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That’s the question that millions of undocumented immigrants in the United States are now asking themselves. The fear is understandable. The Hispanic community is responding to months of Donald Trump’s anti-immigrant rhetoric on the campaign trail.
I take Trump at his word. I think he really believes that Mexican immigrants are criminals and rapists — as he said on June 16, 2015, when he announced that he was running for president. He’s wrong, of course, but that’s what he believes. Now some of Trump’s followers are trying to normalize his extremist positions by suggesting that what he has said in the past shouldn’t be taken literally. But how can one not take the next president’s words seriously?
Meanwhile, other vengeful Trumpists are accusing journalists of sowing fear in the Hispanic community by talking about mass deportations. But I’d like to point out that Trump himself sparked the panic. We journalists merely reported what he said.
In his recent “60 Minutes” interview, Trump said that he intended to deport about 3 million undocumented immigrants with criminal records. I have no idea where he came up with that figure. The Migration Policy Institute estimates that about 690,000 undocumented immigrants have a criminal record ( here’s the data). That’s 6.3% of the undocumented population in the U.S., compared with the 93.7% who are law-abiding.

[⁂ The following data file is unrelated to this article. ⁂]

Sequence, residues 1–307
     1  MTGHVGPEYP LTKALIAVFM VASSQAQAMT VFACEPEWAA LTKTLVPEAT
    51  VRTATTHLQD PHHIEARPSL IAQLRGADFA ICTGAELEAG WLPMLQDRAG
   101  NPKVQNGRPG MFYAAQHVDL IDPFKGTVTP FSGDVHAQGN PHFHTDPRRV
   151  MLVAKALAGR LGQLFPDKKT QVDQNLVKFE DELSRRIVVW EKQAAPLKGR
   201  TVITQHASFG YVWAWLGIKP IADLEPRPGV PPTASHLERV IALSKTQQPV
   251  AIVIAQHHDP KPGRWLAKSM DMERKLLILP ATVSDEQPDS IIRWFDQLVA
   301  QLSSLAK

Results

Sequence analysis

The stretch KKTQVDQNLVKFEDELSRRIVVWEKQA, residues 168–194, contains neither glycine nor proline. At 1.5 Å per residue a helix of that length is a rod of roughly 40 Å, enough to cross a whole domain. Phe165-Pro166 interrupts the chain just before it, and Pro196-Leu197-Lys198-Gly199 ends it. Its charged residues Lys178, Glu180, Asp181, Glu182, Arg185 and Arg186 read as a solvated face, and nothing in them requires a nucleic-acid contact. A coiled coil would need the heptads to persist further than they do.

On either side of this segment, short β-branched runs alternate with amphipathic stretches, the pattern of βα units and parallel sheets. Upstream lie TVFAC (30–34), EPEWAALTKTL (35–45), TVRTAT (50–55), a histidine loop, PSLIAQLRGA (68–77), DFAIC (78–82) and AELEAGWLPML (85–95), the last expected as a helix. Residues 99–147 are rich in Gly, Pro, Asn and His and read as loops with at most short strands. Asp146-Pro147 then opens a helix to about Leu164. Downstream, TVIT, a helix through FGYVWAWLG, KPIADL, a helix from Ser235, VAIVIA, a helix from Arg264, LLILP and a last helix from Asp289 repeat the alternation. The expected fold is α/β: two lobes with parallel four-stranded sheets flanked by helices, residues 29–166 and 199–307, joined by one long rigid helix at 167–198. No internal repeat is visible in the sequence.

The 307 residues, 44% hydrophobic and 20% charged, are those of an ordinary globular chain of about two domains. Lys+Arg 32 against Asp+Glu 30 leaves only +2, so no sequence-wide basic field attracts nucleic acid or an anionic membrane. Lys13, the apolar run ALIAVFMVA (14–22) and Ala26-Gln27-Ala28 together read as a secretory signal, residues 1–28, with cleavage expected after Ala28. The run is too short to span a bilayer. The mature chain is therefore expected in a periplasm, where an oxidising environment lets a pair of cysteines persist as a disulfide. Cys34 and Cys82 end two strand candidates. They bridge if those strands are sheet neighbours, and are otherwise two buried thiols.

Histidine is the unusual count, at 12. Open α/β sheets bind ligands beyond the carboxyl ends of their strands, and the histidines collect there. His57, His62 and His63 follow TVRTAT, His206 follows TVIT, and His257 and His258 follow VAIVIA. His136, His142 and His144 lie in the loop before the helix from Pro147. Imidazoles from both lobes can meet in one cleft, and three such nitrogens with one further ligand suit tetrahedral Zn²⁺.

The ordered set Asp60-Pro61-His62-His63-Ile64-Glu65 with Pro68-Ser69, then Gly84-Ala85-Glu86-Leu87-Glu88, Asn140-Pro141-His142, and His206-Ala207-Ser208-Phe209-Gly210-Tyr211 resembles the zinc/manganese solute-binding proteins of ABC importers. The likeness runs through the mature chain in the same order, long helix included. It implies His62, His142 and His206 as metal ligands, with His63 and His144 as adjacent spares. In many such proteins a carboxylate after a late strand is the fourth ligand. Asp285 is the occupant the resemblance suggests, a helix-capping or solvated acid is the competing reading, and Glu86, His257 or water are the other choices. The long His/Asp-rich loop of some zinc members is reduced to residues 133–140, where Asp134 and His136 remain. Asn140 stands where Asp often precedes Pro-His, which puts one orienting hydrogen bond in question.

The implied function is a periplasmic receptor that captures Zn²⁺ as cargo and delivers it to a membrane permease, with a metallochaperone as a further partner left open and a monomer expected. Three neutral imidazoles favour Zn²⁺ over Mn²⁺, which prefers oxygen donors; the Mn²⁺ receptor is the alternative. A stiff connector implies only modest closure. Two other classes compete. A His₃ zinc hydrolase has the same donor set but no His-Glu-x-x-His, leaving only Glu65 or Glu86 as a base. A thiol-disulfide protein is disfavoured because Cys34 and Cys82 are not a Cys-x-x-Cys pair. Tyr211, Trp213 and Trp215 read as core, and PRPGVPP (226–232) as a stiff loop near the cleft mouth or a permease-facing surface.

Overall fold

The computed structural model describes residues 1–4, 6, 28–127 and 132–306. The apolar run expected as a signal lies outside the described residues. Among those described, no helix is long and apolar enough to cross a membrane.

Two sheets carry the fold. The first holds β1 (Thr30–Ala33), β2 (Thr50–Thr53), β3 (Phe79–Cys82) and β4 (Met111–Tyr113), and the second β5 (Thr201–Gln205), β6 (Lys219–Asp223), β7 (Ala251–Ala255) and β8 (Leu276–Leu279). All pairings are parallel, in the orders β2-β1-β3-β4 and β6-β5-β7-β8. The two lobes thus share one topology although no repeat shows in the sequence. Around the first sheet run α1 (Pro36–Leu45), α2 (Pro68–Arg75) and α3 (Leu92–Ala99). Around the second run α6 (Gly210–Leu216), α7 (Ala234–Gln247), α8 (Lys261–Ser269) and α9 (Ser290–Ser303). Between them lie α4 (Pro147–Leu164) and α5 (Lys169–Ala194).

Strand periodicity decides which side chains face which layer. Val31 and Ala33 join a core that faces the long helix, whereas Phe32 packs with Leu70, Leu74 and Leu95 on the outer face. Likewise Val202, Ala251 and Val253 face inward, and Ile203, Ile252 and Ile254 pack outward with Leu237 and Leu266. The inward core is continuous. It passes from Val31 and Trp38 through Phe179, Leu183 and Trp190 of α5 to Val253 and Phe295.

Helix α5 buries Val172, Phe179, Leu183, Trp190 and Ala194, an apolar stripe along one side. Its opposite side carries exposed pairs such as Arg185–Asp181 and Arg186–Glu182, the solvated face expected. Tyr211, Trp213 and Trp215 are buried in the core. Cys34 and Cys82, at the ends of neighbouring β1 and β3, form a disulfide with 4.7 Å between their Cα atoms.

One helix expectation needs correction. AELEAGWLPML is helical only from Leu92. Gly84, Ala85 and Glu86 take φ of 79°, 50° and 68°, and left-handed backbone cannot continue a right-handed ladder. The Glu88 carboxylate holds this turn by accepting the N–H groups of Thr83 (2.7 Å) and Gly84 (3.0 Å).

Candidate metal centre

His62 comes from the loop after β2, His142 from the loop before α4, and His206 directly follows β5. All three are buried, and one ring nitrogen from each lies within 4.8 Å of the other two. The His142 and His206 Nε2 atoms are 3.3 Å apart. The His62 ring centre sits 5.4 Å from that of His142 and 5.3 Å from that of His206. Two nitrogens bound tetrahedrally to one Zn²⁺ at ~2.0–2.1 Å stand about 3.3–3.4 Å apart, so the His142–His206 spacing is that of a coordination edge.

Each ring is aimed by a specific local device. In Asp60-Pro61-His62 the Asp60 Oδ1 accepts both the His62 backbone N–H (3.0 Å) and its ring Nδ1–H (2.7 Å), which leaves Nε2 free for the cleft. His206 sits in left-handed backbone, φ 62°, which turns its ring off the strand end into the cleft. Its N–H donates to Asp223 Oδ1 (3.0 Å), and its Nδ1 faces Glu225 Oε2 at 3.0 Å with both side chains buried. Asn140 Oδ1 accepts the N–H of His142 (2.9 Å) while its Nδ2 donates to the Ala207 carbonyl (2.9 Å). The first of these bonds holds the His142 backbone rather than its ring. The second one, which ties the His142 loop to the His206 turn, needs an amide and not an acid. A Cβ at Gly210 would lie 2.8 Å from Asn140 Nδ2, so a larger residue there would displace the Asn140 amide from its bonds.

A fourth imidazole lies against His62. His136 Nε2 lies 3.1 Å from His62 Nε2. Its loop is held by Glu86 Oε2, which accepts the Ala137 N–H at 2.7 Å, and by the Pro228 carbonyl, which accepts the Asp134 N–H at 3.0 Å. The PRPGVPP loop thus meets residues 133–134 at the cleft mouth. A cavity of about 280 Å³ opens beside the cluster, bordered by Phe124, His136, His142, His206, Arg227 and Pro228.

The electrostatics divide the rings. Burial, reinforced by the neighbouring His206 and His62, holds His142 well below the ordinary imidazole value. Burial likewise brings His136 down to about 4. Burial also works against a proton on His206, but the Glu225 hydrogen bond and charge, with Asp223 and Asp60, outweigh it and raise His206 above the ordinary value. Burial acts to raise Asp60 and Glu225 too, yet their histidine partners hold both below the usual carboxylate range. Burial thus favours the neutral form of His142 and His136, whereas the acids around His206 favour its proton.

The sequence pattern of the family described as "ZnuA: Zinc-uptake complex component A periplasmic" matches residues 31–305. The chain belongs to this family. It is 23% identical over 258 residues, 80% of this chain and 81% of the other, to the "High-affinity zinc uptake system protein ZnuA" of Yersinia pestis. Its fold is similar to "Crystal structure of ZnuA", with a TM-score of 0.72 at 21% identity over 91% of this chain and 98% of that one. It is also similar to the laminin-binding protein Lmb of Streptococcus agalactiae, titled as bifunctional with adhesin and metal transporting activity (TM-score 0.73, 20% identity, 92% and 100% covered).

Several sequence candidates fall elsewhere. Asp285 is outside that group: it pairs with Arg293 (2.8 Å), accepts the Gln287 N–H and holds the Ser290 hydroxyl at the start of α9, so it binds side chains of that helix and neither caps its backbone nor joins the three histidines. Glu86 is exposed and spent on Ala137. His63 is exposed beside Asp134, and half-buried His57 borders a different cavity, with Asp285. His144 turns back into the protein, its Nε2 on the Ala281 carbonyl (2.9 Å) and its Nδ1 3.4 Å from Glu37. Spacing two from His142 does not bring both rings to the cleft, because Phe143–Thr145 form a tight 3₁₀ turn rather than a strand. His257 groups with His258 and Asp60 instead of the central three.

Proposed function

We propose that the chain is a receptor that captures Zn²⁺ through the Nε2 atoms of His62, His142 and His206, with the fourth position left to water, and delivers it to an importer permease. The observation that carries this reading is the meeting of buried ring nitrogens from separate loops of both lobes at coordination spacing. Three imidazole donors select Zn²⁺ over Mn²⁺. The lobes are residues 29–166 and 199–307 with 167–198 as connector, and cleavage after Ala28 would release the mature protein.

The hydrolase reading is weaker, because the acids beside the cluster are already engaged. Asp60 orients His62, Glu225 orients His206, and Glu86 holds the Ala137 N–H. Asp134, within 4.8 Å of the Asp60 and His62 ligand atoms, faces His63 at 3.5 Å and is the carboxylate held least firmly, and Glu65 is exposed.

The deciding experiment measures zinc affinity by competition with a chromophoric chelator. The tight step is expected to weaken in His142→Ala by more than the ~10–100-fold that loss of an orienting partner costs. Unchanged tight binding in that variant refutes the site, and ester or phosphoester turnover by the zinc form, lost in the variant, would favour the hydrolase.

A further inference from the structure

But when the raids start, so will the collateral damage. Immigrants with criminal records don’t all live alone. Raids will needlessly split families and cause terror. The risks of human rights violations and unlawful detentions are quite real, warned Anthony Romero, executive director of the American Civil Liberties Union, in a recent MSNBC interview.
His detractors never envisioned that Trump’s rhetoric might become real. Now comes the rush to address the crisis. Earlier this month, Claudia Ruiz Massieu, Mexico’s foreign secretary, presented an 11-point strategy to help Mexico’s 5.7 million undocumented citizens living in the U.S. The plan includes offering more protection through Mexico’s 50 consulates and setting up a hotline help number (watch a video explaining the plan here). But Ruiz Massieu’s appeal for people to be calm has come too late.
Millions of undocumented Mexicans and Central Americans in the U.S. are anything but calm. It’s quite clear that President Enrique Peña Nieto has no leverage in negotiating with Trump, who humiliated him at a news conference in Mexico City in August. Peña Nieto will go down as one of Mexico’s weakest presidents, and he’s on his way out. So the Mexican presidential race in 2018 will be defined in no small part by the candidates who can best resist Trump’s border wall and raids.
Mayors in Los Angeles, New York, Chicago, San Francisco and Denver, among other cities — are preparing to defend undocumented populations against Trump. In these so-called “sanctuary” cities, law enforcement authorities will not cooperate with immigration agents or divulge personal information about undocumented residents.
Trump’s Jan. 20 inauguration is a new threshold in the battle for immigrants’ rights. He will likely call for mass deportations — unprecedented in scale in America — just like he promised during his campaign.
But as we embark on these next four years — and they will be difficult — we should keep in mind that a large proportion of the American people still reject the president-elect’s racist, anti-immigrant views. After all, Trump did lose the popular vote.
Yes, I do believe Trump when he says something; I take him at his word. But while the fear among immigrants is real, we should be reassured that the resistance is real, too.